South Ho Siu Nam “Into Light XIV” (2011) Courtesy of the artist and Blindspot Gallery
Art Hong Kong 2011 has succeeded its extravaganza and now closed triumphantly, as the world anticipated. The fair demonstrated an increase in achievements beyond the mercantile with special events to engage and reflect on the Asian region. Asia One for instance provided a platform for emerging talents of the widely diverse Asian terrain. Many talks and discussions were also programmed such as the ‘Backroom Conversations” by Asia Arts Archive, ‘Guerrilla Talk’ by ArtAsiaPacific and ‘New Media Archaeology’ by Videotage, in order to disseminate art from Asia to a wider audience.
Pak Sheung Chuen “Breathing in A House” (2009) Courtesy of the artist
Hong Kong has been deemed one of the world’s leading international financial centres as well as a “special autonomous region” within China, where British traditions of jurisprudence still place the city as an oasis of political stability and media freedom. The City has a major capitalist service economy characterised by low taxation and free trade, and is largely recognized as the engine for much of China’s exponential growth. The art market is no exception. The last weekend Christie’s Hong Kong made a record for contemporary art sale, doubled pre-auction estimates by totaling US$62m and Sotheby’s Hong Kong contemporary art auctions during the spring of 2011 sold US$54.8m, triple its high estimates, thanks to the fast and furious attitudes of Chinese collectors, making earnings in Hong Kong going toe-to-toe with London and New York. When Gagosian Gallery opened a new Hong Kong branch in January of this year, it crystallized the international art hub status of this eastern metropolis. Gagosian’s inaugural exhibition by Damien Hirst’s “Forgotten Promises”, including “For Heaven’s Sake” (2008) as a symbolic centerpiece: a platinum cast of a human baby’s skull adorned with more than16,000 pink diamonds. The Art Hong Kong 2011 more than doubled its total numbers of exhibiting galleries from last year, and to seal its fate, it will soon be part of Art Basel enterprises.
Nadim Abbas “Cataract (Iguazu Falls)” (2011) Courtesy of the artist and Gallery Exit
Hong Kong encompasses one of the most diverse and liveliest art scenes in Asia. It not only handles a good portion of fine art deals from mainland China but also from South East Asia, as well as regular exhibitions of US and European artists. Still remaining are concerns about the dominant market-driven scene overshadowing more independent ones, which should in an ideal context cross-pollinate each other. Many feels that the city lacks efficient publicly funded art institutions, such as Serpentine Gallery in London or MoMA PS1 in New York, as a focal point to invigorate not-for-profit arenas. But such activities are emerging. Fo Tan for example hold one of the largest art communities in Hong Kong with a complex of 180 artists working in a refurbished industorial loft. This organization has disseminated independent art activities to local audiences for the last decade by promoting the annual Fotanian Open Studio Festival.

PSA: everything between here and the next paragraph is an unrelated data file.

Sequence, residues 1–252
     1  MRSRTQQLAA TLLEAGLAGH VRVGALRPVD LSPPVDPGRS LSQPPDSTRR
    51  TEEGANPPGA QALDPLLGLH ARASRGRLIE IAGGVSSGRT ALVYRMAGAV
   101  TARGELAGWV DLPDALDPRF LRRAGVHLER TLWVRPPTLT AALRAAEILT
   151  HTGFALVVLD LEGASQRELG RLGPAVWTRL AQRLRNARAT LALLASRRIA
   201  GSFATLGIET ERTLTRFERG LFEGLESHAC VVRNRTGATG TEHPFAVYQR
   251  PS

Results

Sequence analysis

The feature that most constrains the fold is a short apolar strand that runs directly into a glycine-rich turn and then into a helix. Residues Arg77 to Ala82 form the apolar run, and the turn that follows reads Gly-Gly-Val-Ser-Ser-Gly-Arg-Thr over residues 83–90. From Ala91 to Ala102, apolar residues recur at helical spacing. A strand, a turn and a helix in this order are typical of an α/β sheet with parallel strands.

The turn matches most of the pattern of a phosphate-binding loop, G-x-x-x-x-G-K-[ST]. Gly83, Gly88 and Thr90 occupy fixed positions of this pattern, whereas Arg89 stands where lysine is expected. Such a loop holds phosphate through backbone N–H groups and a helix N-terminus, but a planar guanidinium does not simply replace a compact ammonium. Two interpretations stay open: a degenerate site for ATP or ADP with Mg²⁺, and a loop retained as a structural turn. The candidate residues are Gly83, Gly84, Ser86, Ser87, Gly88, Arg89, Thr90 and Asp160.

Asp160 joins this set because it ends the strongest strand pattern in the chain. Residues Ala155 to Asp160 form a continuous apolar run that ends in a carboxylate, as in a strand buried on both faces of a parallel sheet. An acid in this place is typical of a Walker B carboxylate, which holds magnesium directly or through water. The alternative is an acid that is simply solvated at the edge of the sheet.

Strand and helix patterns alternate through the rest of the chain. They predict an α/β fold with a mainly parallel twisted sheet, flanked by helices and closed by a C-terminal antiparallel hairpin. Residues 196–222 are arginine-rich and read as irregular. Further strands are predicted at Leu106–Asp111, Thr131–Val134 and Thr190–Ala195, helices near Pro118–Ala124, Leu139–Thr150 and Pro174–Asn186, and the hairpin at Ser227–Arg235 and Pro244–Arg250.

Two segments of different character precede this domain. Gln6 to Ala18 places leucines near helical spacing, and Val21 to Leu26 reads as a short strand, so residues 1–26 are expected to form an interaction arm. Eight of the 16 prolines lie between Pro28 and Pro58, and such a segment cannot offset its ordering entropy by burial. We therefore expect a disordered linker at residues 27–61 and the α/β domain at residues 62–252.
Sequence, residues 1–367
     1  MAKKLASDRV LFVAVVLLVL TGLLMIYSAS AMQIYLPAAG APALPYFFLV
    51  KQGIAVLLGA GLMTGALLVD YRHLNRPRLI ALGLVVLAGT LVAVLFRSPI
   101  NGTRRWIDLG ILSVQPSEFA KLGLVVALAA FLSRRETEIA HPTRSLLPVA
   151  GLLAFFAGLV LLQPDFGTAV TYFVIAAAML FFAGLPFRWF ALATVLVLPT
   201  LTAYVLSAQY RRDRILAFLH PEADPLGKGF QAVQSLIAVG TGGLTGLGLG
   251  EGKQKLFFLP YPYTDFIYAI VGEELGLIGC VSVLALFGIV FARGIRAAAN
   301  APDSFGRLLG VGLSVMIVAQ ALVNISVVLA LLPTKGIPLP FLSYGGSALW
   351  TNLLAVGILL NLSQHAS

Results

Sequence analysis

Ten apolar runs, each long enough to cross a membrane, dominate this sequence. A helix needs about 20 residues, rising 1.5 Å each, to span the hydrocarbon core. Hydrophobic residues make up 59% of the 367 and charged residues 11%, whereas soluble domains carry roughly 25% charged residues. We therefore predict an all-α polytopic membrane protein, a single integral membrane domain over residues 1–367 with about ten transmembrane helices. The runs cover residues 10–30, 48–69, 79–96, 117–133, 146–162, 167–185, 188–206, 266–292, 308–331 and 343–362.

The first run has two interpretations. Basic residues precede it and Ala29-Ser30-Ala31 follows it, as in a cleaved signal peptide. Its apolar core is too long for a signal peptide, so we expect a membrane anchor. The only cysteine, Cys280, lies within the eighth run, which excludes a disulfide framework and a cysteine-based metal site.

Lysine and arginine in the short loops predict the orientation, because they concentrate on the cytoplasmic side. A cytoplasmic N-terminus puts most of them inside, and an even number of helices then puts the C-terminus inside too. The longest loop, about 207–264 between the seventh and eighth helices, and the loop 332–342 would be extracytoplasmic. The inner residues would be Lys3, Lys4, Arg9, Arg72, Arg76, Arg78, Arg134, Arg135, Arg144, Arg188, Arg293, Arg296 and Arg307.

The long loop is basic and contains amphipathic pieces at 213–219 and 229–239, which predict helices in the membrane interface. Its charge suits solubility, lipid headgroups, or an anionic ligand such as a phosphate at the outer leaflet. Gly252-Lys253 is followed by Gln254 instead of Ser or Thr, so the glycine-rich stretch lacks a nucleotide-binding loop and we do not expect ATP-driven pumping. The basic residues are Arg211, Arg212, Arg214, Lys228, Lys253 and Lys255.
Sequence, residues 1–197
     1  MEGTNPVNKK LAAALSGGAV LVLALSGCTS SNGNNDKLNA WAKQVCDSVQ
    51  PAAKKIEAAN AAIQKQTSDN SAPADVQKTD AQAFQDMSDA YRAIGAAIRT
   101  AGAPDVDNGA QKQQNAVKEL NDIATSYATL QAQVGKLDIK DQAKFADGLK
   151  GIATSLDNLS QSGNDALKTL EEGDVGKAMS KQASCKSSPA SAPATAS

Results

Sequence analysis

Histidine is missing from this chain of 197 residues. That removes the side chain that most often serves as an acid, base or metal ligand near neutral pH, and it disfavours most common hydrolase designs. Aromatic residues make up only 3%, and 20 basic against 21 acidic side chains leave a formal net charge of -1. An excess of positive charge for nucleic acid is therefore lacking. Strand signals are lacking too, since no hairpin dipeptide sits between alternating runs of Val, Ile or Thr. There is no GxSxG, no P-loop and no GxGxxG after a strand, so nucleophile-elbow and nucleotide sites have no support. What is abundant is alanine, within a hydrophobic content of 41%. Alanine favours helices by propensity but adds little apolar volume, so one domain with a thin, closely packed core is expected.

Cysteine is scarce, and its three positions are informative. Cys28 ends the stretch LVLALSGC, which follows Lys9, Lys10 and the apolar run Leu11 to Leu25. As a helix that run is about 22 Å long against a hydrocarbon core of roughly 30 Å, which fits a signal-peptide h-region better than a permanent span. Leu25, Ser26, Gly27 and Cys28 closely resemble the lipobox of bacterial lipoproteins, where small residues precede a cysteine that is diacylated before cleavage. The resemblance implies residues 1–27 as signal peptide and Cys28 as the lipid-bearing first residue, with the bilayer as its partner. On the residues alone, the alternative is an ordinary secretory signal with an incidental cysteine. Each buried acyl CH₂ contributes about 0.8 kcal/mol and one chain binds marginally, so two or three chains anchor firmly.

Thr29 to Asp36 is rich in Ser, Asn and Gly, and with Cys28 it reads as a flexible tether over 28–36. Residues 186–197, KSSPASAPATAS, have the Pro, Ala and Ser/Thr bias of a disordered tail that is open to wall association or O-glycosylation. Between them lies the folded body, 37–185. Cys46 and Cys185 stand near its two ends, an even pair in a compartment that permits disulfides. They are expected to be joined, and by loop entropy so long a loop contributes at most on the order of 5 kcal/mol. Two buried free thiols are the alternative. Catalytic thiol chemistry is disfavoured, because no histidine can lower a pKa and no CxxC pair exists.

Open Studio view at Fo Tan art studio. Courtesy of Fotanian.
In spite of reaching the top of the art market, Hong Kong is still in urgent need to develop sustainable infrastructures for its cultural environment. Chinese governmental bodies are planning to develop the Western Kowloon Cultural District, which will include M+ (Museum Plus), a huge cultural center designed by none other than architects Foster and Koolhaas, focusing on 20th and 21st century visual culture, broadly defined, from a Hong Kong perspective and with a global vision. The museum has appointed Lars Nittve, ex-head of Tate Modern and Moderna Museet, as an executive director and Tobias Berger as a chief curator. It is still uncertain whether these future developments will respond to the needs of the local artist communities mentioned earlier, but surely the world is eager to see what kind of changes Hong Kong can bring to the international cultural sphere.
Simon Young “Machines for Making Nothing #1: Triumph of the Spectacle” (2011) Courtesy of the artist and Kunsthalle Kowloon
M-Kos listed below s selection of museums, galleries and alternative spaces operating in Hong Kong.
10 Chancery Lane Gallery
Ooi Botos Gallery
Fabrik Contemporary Art
Ben Brown Fine Arts
Espace Luis Vuitton Hong Kong
de Sarthe Fine Art
2P Contemporary Art Gallery
The Upper Station
The Cat Street Gallery
Sin Sin Fine Art
Grotto Fine Art
Plum Blossoms Gallery
Hanart TZ Gallery
agnes b’s Librairie Galerie
Tsang Kin Wah “MomFDadFDaughterFTeacherFJesusFMaryFBillFMonicaFPoliticianFPastorFKidFMomFTeen…” (2007)
Courtesy of the artist and Yvon Lambert Gallery New York
Hong Kong Arts Center
Blue Lotus Gallery
Para | Site
IO (Input/Output) Gallery
and many more.
See Hong Kong Art Walk website for more galleries.
Annysa Ng “Empress V” (2011) pen on paper, acrylic on linen. Courtesy of the artist and Blindspot gallery